Unfortunately, the only glimpse I got of this beauty was from the roof of my hotel (the $5/night Mt. Sinai Boarding and Lodging) at sunrise. The rest of my daylight hours were spent in the beautiful 1970s post-colonial bureaucratic modernist interior of the Provincial Headquarters office.

Typically, data-mining is considered a bad thing in the social sciences, as the term refers to the practice of running a bunch of theoretically uninformed analyses on a mass of information and using the specification that works the best to support an argument – in reality I think this could be more accurately called “result mining”. Data mining could be much more accurately used to describe what I’ve been up to over the last few weeks, as my relentless pursuit of district-level government data on administrative presence and law enforcement outcomes made me feel very much like I was a prospector hacking away with a pickaxe deep beneath the earth.

If you will indulge me that simile, then, without a doubt, I hit paydirt this week. The brief history of my (retrospectively) not-so-quixotic quest is that I’ve been politely pushed from one bureaucratic office to another, with assistance being withheld either on account of allegations of insufficient authorization, or by claims that what I was looking for just didn’t exist. I kept on digging because I was confident that neither of these claims actually hold any water, and were just tossed off by bureaucrats who couldn’t be bothered to spend a little bit of time figuring out where to find what I was looking for.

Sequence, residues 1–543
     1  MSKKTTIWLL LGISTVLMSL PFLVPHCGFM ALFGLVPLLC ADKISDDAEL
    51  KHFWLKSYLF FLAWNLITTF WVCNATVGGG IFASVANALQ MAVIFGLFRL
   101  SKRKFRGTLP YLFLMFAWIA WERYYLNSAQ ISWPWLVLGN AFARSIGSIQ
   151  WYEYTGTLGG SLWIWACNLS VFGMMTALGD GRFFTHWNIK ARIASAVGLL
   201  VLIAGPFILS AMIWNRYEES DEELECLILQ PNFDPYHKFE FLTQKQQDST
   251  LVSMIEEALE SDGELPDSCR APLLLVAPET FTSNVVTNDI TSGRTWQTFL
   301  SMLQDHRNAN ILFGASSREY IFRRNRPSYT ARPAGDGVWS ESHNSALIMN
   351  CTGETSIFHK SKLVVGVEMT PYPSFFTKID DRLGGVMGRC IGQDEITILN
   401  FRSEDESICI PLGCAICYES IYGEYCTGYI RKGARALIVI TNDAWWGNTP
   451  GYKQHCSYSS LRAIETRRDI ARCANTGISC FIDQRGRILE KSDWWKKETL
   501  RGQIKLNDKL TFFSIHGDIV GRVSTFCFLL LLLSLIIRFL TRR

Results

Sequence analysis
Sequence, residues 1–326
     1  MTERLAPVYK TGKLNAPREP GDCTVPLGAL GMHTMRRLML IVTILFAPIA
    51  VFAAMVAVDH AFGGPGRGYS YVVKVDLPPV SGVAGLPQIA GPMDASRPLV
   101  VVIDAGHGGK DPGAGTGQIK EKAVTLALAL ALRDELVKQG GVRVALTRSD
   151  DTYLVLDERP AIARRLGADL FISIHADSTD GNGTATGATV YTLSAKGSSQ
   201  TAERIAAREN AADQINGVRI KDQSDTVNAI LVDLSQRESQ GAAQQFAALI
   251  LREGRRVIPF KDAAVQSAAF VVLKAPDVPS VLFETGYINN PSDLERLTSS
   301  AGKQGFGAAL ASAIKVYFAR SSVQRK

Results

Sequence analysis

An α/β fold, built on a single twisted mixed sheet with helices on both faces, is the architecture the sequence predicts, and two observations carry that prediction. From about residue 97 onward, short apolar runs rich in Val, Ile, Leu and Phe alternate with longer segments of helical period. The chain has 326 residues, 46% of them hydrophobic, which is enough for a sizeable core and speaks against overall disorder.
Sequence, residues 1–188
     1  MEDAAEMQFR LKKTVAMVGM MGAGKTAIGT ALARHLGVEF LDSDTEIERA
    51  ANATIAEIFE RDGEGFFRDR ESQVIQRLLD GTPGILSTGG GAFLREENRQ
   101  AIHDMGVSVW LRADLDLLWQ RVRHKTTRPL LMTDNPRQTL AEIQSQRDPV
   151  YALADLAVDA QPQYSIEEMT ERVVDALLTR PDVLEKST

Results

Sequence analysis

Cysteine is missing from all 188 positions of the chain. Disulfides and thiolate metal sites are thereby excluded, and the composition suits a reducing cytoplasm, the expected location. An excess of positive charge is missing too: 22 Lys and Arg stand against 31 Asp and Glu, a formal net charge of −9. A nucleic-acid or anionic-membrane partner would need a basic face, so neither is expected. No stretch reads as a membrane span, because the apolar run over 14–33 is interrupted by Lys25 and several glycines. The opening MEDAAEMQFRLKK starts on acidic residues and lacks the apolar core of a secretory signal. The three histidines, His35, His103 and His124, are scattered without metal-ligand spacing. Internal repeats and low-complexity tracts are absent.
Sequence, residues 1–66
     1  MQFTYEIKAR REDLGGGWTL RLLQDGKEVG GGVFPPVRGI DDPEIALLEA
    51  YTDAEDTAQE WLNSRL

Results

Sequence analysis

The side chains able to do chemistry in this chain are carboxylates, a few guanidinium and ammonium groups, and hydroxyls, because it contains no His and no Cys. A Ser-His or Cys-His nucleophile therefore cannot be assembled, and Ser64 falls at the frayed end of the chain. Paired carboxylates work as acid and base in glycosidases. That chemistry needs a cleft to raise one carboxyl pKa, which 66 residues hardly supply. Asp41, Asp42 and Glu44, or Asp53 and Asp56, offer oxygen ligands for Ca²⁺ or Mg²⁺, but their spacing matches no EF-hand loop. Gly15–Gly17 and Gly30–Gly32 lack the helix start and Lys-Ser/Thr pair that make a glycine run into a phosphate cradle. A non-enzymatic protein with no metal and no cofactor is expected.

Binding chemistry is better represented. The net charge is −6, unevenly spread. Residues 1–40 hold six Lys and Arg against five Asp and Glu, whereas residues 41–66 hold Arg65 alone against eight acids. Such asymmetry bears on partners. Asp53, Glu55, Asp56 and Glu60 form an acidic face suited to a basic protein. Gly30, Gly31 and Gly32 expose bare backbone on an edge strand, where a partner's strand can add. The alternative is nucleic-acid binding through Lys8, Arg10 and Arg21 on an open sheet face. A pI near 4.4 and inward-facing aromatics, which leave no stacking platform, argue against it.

The real breakthrough came when I went to see the Permanent Secretary of the Ministry of State for Provincial Administration and Internal Security (PAIS) in the Office of the President (OP), on the advice of the deputy commander of forces for the north-eastern province. Although this didn’t pay off immediately (and led to me spending a few days getting bounced back and forth between dead ends in the Police Administration and Office of the President in Nairobi), my contact in the OP gave me a letter authorizing Provincial Commissioners (and their underlings) to give me access to any and all files I required, including personnel statistics from their Human Resources department and district level crime statistics.